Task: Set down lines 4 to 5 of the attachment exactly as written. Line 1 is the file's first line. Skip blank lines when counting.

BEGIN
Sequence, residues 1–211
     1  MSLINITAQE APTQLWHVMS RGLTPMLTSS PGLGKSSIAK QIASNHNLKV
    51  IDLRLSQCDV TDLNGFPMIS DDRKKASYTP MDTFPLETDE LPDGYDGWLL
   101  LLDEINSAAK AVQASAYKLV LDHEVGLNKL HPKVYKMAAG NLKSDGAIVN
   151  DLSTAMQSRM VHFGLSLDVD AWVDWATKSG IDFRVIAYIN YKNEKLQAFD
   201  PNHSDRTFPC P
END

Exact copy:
   101  LLDEINSAAK AVQASAYKLV LDHEVGLNKL HPKVYKMAAG NLKSDGAIVN
   151  DLSTAMQSRM VHFGLSLDVD AWVDWATKSG IDFRVIAYIN YKNEKLQAFD